Zambia isn’t as easy to get to as Kenya or South Africa – flights are not direct and connections not as frequent as other safari destinations – but that’s partly why it’s not crowded once you get here. Internally, there are now direct flights between Mfuwe and Royal (Lower Zambezi) and Livingstone and Royal, to save connecting in Lusaka. There are also a few flights a week from Lusaka to Liuwa Plain National Park.
Guided small group vacations or tailor made packages are the best way to take a safari in Zambia, and if you have more time, consider an itinerary that roams a little further afield. Trips that travel overland to Lake Malawi and the beaches of Mozambique add culture and relaxation to your safari adventure, or try a safari expedition from Malawi, through Zambia and on into Zimbabwe.

What can you see on safari in Zambia?

What can’t you see might be the more concise question, since Zambia’s parks throng with such a huge and diverse mix of wildlife. There’s the Big Five, with leopards a highlight of South Luangwa, plus other large scale attractions, including hippos, giraffes and beefy crocs basking on the river banks. From July, the Busanga Plains in Kafue National Park are the best place to see cheetahs and don’t overlook the birdlife, either. During the rains, the flooded Bangweulu wetlands attract huge quantities of birds, all drawn here for the insect banquet that’s served 24/7 at this time of year. See pelicans, flamingos, storks, cranes and herons, as well as the extraordinary shoebill, with its gigantic, prehistoric-looking beak.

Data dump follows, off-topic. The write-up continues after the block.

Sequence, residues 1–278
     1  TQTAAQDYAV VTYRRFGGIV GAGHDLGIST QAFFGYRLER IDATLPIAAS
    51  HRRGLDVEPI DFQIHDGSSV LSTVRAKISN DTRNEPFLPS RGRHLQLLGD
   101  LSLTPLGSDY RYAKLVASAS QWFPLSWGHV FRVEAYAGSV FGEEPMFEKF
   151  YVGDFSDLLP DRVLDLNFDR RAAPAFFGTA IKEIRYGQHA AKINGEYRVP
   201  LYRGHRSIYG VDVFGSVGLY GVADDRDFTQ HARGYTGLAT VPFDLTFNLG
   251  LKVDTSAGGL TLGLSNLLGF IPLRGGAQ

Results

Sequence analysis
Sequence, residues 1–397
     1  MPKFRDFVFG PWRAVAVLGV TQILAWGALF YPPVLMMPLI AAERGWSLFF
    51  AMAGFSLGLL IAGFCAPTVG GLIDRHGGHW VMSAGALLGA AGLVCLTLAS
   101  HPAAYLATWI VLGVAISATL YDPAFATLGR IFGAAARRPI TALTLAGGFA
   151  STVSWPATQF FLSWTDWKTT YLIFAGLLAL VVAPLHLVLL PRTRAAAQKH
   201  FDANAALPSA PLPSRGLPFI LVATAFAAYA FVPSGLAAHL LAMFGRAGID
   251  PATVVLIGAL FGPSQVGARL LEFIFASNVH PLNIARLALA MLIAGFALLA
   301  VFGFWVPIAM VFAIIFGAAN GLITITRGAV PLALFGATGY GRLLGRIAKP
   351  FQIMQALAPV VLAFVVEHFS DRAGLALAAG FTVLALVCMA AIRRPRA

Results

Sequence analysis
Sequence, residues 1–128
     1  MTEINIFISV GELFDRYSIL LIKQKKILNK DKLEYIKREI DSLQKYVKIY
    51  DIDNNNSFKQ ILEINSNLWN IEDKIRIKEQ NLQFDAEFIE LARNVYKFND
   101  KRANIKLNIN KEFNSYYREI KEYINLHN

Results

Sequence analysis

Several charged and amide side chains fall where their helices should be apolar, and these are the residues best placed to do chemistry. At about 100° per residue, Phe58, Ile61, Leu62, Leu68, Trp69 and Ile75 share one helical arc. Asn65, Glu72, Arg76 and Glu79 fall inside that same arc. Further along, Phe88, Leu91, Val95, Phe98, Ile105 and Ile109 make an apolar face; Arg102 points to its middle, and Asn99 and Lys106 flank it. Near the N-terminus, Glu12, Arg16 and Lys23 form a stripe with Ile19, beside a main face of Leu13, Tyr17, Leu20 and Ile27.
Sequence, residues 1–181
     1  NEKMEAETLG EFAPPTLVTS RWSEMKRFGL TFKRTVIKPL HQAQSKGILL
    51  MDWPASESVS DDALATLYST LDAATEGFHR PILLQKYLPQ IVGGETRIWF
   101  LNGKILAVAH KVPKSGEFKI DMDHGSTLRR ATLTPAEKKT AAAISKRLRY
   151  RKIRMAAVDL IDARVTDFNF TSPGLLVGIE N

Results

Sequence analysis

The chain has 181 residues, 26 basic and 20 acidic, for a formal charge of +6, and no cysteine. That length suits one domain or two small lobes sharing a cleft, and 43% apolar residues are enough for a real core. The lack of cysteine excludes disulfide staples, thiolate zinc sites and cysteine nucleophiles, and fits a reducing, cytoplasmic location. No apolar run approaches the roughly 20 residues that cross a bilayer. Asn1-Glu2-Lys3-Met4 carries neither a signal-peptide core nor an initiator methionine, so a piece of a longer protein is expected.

Zambia’s blessed not only with a range of wildlife, but fantastic quantities, too. Some 100,000 black lechwe congregate in the Bangweulu wetlands, while huge buffalo herds up to 1,000 strong roam through North Luangwa, tracked by great numbers of hyenas and lions hungry for a meal. Zambia is also the location for not one, but two massive migrations. Tanzania and Kenya’s Great Wildebeest Migration steals the limelight, but in Zambia the almost 50,000 blue wildebeest that head to the Liuwa Plains from Angola each November easily rival this sight. Pint-sized Kasanka National Park, meanwhile, is the destination for the largest mammal migration on the planet – 10 million bats fly here in October and November from the Congo Basin.
Written by Joanna Simmons
Photo credits: [Page banner: Dave3006] [Top box (lions): Liv Unni Sodem] [Where to stay: Hans Hillewaert] [Nighttime drives: Adrian Thompson] [What can you see?: Milestoned]